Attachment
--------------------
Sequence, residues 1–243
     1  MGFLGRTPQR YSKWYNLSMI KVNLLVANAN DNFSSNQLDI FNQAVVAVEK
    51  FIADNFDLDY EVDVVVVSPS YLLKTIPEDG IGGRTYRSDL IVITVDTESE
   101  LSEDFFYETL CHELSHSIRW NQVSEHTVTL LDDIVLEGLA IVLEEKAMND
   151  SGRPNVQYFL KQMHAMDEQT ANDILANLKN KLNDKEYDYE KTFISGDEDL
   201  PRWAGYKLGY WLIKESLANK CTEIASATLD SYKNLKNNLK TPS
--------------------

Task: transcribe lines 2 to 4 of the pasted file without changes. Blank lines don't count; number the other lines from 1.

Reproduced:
     1  MGFLGRTPQR YSKWYNLSMI KVNLLVANAN DNFSSNQLDI FNQAVVAVEK
    51  FIADNFDLDY EVDVVVVSPS YLLKTIPEDG IGGRTYRSDL IVITVDTESE
   101  LSEDFFYETL CHELSHSIRW NQVSEHTVTL LDDIVLEGLA IVLEEKAMND